The first family we will visit is from Burma. The father (43) and mother (30) have 3 children (ages 7, 5, and 3). The mother and father left Burma separately in 1996, fleeing the civil unrest in their country. They met in a refugee camp in Malaysia, where they married in 2007. All their children were born in the camp. In Malaysia, the father worked in construction, while the mother was at home with the children. The children were not allowed to go to the public schools, but did receive some education at the community school in the camp. The family arrived in Phoenix at the end of July. The older children are enrolled in school, and are enjoying their first “real” school experience. The mother and father are both taking English classes.The father has just gotten his first job in the U.S.!The family’s favorite things about being in the USA are the freedom, and how friendly the people are. In Malaysia, because they did not have any legal status under the law, they lived in constant fear. They are happy to be in a place where they are no longer afraid and where their children can be happy.
The second family we will visit is also from Burma. The father (32) and mother (35) have 3 children (ages 10, 8 and 6). The mother and father escaped Burma when they were just small children; they grew up in a refugee camp in Thailand. It was there that they met, were married and had all their children. Because they had no legal status Thailand, the parents were not able to work and the children were not allowed to attend school. The three children are enrolled in school and learning English, and the father has secured a job working in a Thai restaurant. The mother will be taking English classes, but is feeling a little overwhelmed after only two months in Phoenix. This family has relatives in the Phoenix area, but their closest family members are still in Thailand.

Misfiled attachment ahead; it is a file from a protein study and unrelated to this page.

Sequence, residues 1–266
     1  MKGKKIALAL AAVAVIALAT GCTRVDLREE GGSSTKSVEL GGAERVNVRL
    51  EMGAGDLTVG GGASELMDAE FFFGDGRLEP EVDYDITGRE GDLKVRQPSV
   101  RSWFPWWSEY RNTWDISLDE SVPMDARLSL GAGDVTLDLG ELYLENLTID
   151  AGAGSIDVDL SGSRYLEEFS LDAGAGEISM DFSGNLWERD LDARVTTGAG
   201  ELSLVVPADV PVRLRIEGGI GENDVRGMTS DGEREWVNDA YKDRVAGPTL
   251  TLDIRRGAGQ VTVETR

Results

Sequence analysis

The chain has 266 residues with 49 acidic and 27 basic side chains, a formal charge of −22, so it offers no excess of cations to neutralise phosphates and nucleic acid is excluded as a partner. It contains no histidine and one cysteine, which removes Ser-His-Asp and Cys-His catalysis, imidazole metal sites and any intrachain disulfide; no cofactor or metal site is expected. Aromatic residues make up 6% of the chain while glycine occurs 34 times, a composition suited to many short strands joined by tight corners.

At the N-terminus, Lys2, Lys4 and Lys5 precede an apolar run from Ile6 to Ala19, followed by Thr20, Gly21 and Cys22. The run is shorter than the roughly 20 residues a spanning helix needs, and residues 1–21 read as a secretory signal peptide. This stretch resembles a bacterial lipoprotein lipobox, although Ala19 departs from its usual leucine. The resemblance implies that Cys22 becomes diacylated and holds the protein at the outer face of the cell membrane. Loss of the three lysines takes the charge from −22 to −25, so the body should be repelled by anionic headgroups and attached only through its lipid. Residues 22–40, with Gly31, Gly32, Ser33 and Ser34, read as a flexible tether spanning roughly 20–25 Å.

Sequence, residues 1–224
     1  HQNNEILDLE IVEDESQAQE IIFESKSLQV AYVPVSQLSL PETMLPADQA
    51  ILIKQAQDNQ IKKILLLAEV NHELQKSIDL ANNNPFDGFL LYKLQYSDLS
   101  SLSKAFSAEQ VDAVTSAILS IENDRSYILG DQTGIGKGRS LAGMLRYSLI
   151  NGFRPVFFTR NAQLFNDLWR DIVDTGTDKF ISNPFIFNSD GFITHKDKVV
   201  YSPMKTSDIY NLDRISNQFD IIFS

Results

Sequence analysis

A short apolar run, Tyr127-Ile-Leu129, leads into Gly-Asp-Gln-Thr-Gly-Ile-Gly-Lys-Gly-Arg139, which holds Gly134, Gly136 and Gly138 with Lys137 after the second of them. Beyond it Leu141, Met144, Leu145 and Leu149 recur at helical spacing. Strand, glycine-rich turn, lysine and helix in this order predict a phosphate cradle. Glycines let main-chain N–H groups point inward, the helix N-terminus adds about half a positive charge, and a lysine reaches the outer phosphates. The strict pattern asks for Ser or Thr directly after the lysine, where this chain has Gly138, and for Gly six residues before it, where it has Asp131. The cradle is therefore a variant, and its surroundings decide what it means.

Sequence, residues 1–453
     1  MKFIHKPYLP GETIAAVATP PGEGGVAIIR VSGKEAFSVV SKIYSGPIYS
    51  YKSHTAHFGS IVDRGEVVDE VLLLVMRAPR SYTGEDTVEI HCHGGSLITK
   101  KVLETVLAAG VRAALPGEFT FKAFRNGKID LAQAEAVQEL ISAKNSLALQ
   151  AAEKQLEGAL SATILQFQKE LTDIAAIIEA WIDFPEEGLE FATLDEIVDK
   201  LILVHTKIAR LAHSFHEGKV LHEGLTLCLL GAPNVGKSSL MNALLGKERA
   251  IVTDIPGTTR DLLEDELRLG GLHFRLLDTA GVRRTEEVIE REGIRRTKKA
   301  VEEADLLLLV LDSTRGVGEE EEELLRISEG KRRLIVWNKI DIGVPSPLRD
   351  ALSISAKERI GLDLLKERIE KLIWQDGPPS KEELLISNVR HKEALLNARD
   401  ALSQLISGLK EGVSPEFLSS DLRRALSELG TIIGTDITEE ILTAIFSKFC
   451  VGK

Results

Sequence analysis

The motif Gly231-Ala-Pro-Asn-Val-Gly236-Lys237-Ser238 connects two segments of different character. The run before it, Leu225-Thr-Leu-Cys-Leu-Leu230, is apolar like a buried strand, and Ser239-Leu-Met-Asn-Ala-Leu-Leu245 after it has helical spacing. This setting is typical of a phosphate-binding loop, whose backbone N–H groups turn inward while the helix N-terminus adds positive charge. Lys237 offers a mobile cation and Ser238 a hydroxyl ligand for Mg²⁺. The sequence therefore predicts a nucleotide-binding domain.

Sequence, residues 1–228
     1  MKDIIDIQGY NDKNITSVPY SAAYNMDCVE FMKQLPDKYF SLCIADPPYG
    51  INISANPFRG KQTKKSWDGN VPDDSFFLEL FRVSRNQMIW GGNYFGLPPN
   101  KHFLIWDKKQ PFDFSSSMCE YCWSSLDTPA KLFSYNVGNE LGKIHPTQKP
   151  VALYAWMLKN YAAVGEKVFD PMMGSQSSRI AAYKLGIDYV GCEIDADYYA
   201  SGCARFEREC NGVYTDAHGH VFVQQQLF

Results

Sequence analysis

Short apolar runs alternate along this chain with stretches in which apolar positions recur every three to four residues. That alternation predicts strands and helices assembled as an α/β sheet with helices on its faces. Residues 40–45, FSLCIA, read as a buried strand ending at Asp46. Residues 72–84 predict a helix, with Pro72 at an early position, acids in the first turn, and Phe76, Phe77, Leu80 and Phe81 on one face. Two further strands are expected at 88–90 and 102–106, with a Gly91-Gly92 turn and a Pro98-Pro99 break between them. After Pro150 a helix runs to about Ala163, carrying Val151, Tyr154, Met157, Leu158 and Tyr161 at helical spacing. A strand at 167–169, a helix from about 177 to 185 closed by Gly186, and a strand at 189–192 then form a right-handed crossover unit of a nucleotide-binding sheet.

Our third visit will be to a single man (24) from Afghanistan. This young man served both the US Army and Air Force as a translator. As a result of his collaboration with our armed forces, his life was in danger and he was forced to flee. He came directly to Phoenix from Afghanistan. This young man is still awaiting his social security card; as soon as he gets it, he will be able to look for employment. He has friends from Afghanistan, co-workers who also assisted the US armed forces, who have also relocated to Phoenix. All of his family remains in Afghanistan, but he is able to speak with them almost every day. This young man says the best aspects of being in the USA are the safety he now feels, the freedom he has, and the opportunities he knows are coming. He is very grateful to Welcome to America for helping him feel welcome.